Oracle this week rolled out software that integrates its Value Chain Planning (VCP) applications with its JD Edwards EnterpriseOne product suite. The new integration lets EnterpriseOne users fully exploit all of the supply chain management tools and processes in the VCP apps. Lenley Hensarling, Oracle group vice president and general manager, Oracle's JD Edwards and Applications Unlimited, sat down with SearchOracle.com Editor Ed Scannell to talk about the significance of the release for corporate customers.
SearchOracle: What is the importance of this announcement for corporate users? Why should they care?
Lenley Hensarling: People want to be able to attack specific supply chain problems and do it in what I call an asynchronous fashion. By that I mean, instead of upgrading the ERP system, they might want to work on inventory optimization or on other specific areas such as collaborating more closely with suppliers. The value chain planning story is really a holistic picture that enables you to attack one part of it and to do that when you are ready. It allows you to prioritize which business problems you want to attack while you are building up a complete and cohesive system, including a system network optimization plan that helps you figure out where you need to have warehouses or where you need to do your manufacturing.
SearchOracle: How difficult will it be for IT shops to integrate complex products like EnterpriseOne with products like this?
Hensarling: Well, this has been a real focus. Before, we had all of these assets, whether it was the demand planning from Dementra or supplier collaboration or network system optimization, and people would say this is great. But if they wanted to deploy all these they had to deal with all this integration. And there were some really awful integration scenarios that we offered them. So what this new integration model says is: Let's do the integration on the basis on the complete value chain planning picture so we can pull all these things into an XML sort of world. So as people add different components, they won't necessarily have to implement separate integrations. They will already have a good bit of that done for them. This will help lower the total cost of attacking these problems. It certainly lowers the cost as they decide to pick up an incremental component of the overall value chain planning solution.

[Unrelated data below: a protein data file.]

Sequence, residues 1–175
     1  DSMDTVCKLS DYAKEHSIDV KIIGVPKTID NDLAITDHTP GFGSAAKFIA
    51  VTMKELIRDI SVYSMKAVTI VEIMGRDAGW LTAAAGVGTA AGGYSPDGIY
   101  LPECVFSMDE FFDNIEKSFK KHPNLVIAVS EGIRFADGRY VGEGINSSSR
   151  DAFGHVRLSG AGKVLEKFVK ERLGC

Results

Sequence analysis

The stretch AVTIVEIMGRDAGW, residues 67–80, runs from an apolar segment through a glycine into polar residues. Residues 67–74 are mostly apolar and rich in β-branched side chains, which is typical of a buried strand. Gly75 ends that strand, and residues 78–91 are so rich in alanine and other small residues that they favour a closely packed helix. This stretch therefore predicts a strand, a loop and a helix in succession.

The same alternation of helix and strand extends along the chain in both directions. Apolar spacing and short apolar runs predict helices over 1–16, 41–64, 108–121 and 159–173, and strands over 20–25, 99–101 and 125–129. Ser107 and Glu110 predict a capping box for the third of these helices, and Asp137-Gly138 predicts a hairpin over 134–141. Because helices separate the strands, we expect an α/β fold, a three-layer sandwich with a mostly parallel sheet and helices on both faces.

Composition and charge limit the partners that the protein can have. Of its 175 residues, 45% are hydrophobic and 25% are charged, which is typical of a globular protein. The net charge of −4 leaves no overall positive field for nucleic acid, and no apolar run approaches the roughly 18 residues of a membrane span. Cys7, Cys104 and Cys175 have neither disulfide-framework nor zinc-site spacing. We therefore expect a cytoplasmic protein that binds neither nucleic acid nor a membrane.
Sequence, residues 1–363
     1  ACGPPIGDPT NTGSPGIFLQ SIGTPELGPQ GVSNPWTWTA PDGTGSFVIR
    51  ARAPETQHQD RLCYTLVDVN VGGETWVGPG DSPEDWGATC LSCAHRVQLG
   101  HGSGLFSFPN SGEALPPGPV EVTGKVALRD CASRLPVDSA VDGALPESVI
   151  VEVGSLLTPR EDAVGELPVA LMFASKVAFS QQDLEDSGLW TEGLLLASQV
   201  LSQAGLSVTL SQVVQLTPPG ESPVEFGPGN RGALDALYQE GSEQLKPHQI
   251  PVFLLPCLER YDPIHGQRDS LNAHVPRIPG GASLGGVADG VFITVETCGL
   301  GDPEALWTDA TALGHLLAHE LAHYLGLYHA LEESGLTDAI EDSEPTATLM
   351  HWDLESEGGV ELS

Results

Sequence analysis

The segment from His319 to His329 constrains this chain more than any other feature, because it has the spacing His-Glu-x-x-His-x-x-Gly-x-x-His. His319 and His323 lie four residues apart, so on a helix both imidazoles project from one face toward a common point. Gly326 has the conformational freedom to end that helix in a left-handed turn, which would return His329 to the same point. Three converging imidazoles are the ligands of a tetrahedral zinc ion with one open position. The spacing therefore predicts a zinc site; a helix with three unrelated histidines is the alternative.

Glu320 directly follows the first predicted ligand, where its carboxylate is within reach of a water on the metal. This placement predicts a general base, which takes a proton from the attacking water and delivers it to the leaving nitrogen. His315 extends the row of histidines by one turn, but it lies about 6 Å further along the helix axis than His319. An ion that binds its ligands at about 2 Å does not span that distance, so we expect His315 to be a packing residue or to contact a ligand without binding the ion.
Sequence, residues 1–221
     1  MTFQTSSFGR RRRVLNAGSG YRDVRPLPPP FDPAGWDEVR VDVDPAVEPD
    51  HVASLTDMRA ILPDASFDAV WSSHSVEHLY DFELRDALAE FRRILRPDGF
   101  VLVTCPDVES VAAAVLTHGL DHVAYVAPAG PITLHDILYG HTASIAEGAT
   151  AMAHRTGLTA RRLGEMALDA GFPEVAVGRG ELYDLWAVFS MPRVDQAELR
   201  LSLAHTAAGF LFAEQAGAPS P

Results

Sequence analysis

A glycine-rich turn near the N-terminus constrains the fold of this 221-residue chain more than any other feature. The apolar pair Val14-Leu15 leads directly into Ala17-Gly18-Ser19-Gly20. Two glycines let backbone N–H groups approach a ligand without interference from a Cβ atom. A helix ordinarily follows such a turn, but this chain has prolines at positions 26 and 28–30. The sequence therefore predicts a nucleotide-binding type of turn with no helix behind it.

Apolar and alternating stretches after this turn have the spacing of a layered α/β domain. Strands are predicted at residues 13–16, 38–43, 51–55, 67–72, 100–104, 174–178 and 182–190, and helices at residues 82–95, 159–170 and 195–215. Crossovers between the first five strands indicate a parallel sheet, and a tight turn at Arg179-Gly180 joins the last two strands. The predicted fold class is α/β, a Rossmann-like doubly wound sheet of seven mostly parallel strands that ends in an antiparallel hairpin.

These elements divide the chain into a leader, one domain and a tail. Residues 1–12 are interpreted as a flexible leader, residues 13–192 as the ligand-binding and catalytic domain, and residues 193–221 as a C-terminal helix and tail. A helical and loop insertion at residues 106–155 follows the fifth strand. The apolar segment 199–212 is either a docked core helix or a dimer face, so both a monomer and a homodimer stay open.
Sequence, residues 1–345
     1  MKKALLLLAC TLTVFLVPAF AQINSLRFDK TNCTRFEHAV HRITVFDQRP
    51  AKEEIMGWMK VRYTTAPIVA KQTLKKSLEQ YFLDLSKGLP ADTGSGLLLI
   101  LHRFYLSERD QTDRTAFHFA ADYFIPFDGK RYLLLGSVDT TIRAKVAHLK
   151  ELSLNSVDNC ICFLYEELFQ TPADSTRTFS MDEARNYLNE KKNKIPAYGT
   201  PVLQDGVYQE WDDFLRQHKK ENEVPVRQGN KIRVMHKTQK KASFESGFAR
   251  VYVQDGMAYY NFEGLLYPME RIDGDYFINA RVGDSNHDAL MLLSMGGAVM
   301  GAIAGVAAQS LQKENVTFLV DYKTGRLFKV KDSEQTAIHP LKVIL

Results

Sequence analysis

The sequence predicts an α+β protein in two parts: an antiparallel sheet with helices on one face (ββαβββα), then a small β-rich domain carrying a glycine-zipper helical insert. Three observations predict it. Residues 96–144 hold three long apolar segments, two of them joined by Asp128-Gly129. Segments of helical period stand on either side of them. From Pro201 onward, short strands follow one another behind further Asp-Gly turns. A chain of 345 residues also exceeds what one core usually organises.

SearchOracle: How many of your EnterpriseOne users currently use AIA?
Hensarling: I can't give you an exact count, but I would say it is something less than 100, although it is growing a lot. Now, what I have tracked is what we call, internally, edge products. These are products like the value chain planning products sold with the JD Edwards deals.
SearchOracle: How does this announcement relate to the Fusion Middleware 11g line just announced on July 1?
Hensarling: A core piece of the integration model we have here is Oracle Data Integrator (ODI), which is a part of Fusion Middleware. One of the things that have helped us to significantly lower the total cost of integration is the fact that Oracle is this very broad technology company as well as being an application company. With assets like ODI, we have a framework for both data movement with mapping and security. This allows us to build AIA integrations. Fusion Middleware provides a foundation in terms of technology and technology assets, ODI being a primary one here, although there are also components of this integration that use the BPEL (Business Process Engineering Language) real-time messaging component.
But we have what I call a horses-for-courses kind of approach to all this. That says AIA is good at handling bulk data movement and mapping from a source system to the planning systems. Other applications are best handled in batch, and ODI is the primary tool there. Some integration components in a solution need real-time messaging and orchestration, and so tend to leverage BPEL.
SearchOracle: What sort of user feedback have you received from the 9.0 version of EnterpriseOne released in May? What did they think you did well or not so well?
Hensarling: The most feedback we got had to do with the quality of the release, where I think we have reached a tipping point. There were many fewer fixes and patches they had to deploy. Customers also said that migrating to the release was a lot easier than last time. People with a product like this don't move every year. So if they haven't moved in four or five years, they probably had a certain anticipation of how difficult it was going to be. But when they went out and did it, it was a lot easier than they thought. They would come to us and say, "I would like to move to 9.0, but it will take me 18 months, so is there any way I can work with you to have extended support?" We have a consulting services group to do things to help users with things like back porting end-of-year taxation and W2 support and things like that. But we haven't sold any of those services because just about every customer has passed on taking some interim step and gone live with 9.0. This has been a surprise to both them and me.
SearchOracle: What is typically the adoption rate among users to a major upgrade like EnterpriseOne 9.0? Will it take two or three years before you get 60% or 70% of the base to move over?
Hensarling: Well, the 8.12 release, which has been out about three years, is close to 50% of the installed base. The 9.0 release is now approaching 10% of the installed base, and that has been out since September. Its adoption rate is higher than 8.12. Contrast that to five years ago, around the time of the acquisition (of JD Edwards by Oracle). Close to 75% of the installed base was on XE, which is now only 11%, heading toward single digits pretty rapidly. So that adoption rate and the movement have changed dramatically.